“This is a historic day for our great state, and particularly Southern New Mexico,” said Governor Bill Richardson. “With Virgin at the controls, enthusiasts from around the world will fly to space, routinely and safely, just a few years from now. And they will be flying from the world’s first purpose-built spaceport here in New Mexico. I am excited that New Mexico will be on the ground floor of this new industry, and I know this will mean new companies, more high-wage jobs and opportunities that will move our state’s economy forward.”
Virgin Galactic’s record of delays and broken promises raises doubts about its ambitious supersonic aircraft project as company founder Richard Branson fights to save his struggling empire in the midst of a global pandemic.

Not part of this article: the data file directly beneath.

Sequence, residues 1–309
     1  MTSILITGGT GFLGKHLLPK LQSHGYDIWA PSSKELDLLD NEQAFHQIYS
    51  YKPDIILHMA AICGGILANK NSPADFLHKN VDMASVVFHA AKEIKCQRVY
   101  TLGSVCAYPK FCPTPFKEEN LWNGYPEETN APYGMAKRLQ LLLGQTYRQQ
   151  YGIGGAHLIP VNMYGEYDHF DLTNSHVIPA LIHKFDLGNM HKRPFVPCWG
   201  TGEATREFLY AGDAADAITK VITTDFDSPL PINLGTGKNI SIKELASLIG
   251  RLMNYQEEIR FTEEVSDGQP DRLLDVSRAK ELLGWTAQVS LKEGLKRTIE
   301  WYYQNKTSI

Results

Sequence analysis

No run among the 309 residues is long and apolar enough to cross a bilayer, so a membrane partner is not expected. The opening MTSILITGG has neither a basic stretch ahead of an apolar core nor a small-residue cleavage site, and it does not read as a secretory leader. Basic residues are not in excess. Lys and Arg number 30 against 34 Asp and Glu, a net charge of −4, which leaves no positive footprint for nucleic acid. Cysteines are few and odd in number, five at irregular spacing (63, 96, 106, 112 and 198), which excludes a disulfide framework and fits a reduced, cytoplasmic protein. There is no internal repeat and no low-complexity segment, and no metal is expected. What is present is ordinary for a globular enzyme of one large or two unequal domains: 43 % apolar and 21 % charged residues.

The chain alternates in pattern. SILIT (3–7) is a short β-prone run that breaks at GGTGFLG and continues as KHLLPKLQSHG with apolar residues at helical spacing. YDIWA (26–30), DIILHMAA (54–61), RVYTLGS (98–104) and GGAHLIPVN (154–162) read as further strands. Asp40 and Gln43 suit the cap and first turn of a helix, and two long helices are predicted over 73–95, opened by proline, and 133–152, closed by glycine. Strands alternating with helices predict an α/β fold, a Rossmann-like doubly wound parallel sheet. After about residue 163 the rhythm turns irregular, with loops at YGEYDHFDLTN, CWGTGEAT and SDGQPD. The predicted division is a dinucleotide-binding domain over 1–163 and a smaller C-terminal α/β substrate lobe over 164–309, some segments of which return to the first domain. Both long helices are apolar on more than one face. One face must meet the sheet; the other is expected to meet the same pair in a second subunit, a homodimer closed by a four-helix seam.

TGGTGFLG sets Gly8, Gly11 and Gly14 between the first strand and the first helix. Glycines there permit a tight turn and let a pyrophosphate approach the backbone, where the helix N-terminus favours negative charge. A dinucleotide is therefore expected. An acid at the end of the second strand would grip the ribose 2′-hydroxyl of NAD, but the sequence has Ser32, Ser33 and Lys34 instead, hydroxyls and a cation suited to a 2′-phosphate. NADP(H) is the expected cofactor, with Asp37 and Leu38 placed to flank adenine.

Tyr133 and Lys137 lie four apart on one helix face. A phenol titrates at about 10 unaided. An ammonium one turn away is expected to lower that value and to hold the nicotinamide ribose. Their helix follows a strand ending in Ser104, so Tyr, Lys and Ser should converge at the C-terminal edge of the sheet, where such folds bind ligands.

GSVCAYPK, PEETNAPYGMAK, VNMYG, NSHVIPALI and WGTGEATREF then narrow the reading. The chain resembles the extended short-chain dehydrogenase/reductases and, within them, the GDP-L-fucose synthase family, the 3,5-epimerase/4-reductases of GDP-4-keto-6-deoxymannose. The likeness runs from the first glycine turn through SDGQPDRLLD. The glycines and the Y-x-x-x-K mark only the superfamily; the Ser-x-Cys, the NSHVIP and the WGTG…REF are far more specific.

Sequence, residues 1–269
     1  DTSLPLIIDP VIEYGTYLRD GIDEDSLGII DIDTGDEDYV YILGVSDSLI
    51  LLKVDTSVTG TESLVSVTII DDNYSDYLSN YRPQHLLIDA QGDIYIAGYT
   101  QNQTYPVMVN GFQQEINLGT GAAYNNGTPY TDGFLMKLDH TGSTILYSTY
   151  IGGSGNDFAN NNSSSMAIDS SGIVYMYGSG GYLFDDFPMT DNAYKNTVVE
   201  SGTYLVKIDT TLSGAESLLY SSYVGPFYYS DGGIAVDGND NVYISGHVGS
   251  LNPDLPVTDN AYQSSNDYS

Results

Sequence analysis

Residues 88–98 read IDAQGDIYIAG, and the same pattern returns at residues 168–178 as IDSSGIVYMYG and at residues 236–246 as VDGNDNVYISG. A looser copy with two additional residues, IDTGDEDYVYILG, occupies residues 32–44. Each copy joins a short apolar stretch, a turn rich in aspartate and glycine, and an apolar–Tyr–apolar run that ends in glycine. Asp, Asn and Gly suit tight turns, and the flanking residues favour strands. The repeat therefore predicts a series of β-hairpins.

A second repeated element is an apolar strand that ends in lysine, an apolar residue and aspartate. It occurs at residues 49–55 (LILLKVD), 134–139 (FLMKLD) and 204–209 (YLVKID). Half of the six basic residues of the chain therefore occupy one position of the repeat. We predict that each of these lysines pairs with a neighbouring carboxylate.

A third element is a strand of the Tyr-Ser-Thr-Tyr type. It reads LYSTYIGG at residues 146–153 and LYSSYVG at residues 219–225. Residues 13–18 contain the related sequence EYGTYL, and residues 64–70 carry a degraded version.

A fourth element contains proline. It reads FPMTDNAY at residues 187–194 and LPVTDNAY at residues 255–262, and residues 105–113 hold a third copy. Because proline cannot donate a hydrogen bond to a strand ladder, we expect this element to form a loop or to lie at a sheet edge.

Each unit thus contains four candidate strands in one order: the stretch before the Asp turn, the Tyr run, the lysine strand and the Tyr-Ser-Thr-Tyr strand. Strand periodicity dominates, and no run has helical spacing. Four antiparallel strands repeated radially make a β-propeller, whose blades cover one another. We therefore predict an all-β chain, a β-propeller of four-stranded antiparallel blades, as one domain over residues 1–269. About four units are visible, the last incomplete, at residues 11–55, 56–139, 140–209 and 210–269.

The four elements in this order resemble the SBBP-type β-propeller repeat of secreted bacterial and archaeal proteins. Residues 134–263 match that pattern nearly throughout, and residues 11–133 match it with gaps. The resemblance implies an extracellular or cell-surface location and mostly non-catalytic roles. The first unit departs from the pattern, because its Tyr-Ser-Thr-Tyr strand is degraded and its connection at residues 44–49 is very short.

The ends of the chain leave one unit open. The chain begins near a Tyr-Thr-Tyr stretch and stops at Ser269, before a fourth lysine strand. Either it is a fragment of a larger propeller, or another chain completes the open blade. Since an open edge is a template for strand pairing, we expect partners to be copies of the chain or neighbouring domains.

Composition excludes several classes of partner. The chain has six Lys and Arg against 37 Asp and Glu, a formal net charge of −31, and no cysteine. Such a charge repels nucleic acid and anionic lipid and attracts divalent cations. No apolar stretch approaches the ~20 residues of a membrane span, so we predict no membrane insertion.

Updated on 10/27/20 at 12:39 p.m. PDT to include spending comparison of Virgin Orbit to Rocket Lab.
by Douglas Messier Managing Editor
Richard Branson’s dream of a suborbital Virgin Galactic vehicle zipping passengers between distant cities at hypersonic speeds above Mach 5 (6,174 km/h, 3,836 mph) is dead. At least for now.
In August, the space tourism company he founded pivoted to a slower supersonic Mach 3 (3,704 km/h, 2,302 mph) business jet. Virgin Galactic unveiled a mission concept for an aircraft that would carry 9-19 passengers at a cruising altitude of 60,000 ft (18,288 m).